Winter Climbs 2019: K2, Alaska Expeditions Set to Begin

Now that the New Year has arrived, and winter is in full effect here in the Northern Hemisphere, the major winter mountaineering expedition teams are preparing to embark on their adventures. Over the coming weeks we’ll be following two teams on K2 and another on Nanga Parbat, as well solo climbers in Alaska and Nepal. It should be a very busy and ambitious year on the winter climbing front, with the potential for history to be made.

We’ll start with an update on K2, where two teams are currently en route to the mountain. The all-star European team with climbers from Russia, Kazakhstan, and Kyrgyzstan left for Islamabad on January 1 and are currently collecting their gear, organizing their supplies, and preparing for the journey to Skardu, where they’ll then drive to Askole to begin the trek to the mountain. The squad has had some challenges before they have even arrived on the mountain however, as a lack of funding has caused them to reduce the size of the team from 11 climbers down to 7. Whether that ultimately has an impact on their chances of success has yet to be seen, but the team is led by Vassiliy Pivtsov, who has a lot of experience on 8000 meter peaks. The others have extensive climbing experience as well, although none have spend much time in the Himalaya or Karakoram during the winter.

Meanwhile, Spaniard Alex Txikon is left Kathmandu for Islamabad today. He’s driving with a group of Sherpas from Nepal to Pakistan, bringing supplies and a trusted crew with him. His climbing partners from Spain have left Madrid and will soon join them in the Karakoram. They are still a number of days from reaching K2 as well, but will likely not be far behind the other K2 team. If all goes according to plan, they should be setting up camp on the mountain sometime next week.

Italian alpinist Daniele Nardi and climbing partner Tom Ballard from the U.K. wasted no time in launching their attempt on Nanga Parbat this winter. The two men arrived in the Karakoram over the holiday break and have already settled into Base Camp. On New Years Eve, Nardi and Ballard set off for an acclimation climb up to Camp 1, shuttling gear and supplies to that point on the mountain. There have been no updates since that point, but presumably everything is going as expected so far.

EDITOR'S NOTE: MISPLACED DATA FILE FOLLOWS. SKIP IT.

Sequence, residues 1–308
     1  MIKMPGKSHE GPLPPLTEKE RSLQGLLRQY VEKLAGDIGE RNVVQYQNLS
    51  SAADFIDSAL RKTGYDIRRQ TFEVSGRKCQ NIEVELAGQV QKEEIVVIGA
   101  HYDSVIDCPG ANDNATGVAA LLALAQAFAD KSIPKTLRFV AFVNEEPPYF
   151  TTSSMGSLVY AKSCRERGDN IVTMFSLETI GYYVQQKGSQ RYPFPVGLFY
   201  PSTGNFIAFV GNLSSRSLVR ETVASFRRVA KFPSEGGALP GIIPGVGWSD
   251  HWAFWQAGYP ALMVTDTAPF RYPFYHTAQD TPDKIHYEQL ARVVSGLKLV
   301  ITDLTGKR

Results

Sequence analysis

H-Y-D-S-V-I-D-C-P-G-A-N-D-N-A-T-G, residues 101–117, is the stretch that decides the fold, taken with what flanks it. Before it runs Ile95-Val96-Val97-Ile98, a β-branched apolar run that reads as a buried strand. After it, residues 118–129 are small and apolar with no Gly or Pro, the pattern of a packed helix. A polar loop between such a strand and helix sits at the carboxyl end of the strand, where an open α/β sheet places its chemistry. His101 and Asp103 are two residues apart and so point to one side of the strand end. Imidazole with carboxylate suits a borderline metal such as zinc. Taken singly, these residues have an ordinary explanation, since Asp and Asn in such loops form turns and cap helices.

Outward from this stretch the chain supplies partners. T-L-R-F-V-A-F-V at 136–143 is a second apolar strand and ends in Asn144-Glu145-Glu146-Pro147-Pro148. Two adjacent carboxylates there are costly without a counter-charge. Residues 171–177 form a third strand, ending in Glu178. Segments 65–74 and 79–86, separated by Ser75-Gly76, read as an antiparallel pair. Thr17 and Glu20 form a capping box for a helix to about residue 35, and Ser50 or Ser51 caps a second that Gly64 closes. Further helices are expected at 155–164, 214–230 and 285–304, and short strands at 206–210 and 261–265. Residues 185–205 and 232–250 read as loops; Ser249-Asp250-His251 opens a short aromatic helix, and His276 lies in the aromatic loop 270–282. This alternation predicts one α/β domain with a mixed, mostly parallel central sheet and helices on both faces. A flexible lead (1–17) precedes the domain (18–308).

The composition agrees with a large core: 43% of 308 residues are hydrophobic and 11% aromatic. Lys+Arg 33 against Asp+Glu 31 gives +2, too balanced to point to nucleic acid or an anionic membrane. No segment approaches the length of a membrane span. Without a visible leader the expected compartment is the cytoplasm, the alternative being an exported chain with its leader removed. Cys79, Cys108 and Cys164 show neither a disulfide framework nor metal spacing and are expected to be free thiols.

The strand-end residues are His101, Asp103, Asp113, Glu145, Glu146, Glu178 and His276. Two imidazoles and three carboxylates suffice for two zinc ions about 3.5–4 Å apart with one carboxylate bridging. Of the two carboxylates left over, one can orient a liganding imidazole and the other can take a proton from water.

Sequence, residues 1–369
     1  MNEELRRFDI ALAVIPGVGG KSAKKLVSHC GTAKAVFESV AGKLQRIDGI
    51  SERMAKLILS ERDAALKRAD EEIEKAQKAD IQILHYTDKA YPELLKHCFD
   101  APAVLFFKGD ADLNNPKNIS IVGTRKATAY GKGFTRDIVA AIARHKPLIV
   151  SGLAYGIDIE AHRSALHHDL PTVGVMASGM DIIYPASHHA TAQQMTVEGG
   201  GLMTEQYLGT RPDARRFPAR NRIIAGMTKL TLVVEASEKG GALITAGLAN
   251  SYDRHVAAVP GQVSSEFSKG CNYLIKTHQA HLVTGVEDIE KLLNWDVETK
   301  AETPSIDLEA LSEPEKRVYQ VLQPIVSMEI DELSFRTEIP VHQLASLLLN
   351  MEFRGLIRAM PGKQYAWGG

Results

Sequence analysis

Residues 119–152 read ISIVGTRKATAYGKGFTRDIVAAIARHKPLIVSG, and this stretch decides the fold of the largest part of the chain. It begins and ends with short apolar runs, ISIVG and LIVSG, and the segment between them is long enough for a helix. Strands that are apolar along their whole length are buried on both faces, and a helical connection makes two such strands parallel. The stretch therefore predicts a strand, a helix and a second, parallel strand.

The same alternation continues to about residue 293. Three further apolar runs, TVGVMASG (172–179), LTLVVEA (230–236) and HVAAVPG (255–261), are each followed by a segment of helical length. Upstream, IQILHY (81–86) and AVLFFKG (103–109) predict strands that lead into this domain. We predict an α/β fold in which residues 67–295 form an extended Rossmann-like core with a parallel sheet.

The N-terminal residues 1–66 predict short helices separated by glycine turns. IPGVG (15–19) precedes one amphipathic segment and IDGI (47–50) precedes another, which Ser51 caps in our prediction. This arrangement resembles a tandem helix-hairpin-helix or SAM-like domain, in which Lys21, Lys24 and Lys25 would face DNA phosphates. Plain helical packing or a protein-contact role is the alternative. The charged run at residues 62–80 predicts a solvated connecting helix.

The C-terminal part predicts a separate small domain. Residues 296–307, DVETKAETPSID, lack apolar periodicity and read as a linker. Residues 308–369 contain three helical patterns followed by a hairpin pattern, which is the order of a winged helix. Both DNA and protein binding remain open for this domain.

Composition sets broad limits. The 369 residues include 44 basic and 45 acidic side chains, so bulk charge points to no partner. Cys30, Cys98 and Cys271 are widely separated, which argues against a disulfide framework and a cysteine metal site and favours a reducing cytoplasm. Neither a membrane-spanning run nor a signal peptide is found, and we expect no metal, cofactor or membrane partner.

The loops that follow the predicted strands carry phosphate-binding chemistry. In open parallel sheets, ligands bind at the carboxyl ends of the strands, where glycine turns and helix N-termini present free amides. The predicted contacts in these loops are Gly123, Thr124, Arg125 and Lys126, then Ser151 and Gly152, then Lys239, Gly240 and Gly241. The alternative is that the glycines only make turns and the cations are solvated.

In Nepal, Simone Moro is on his way to Mera Peak to begin his acclimation before a winter attempt on Manaslu. So far, he and his support team have been trekking through the Khumbu region in the shadow of Everest, making good time in the cold and snowy conditions. They hope to reach BC on Mera tomorrow, but don’t expect to spend much time there. They could summit as early as Friday or Saturday, weather permitting. After that, it’s on to the main event on Manaslu, which Moro will attempt in alpine style.

Finally, Lonnie Dupre leaves for Alaska today to launch his attempt at a solo climb on Mt. Hunter. According to the countdown clock on his website, he’s scheduled to begin the expedition early next week, weather permitting of course. Winter in Alaska has the uncanny ability to prevent travel and delay plans, particularly when an aircraft is involved. Dupre will be flying out on a bush plane to a drop off point near Hunter, which he’ll the ski to Base Camp before he begins the climb. As with his previous solo winter climbs on Denali, he is expected to climb in alpine style and use snow caves as shelters along the way.

As you can see, most of these winter climbing expeditions are now just starting to ramp up. We’ll keep a close eye on them in the days ahead to see how things unfold. We could potentially have the first winter ascent of K2 this season, although the other climbs are no less ambitious and worthy of attention too. It should be an interesting couple of months ahead.

Kraig Becker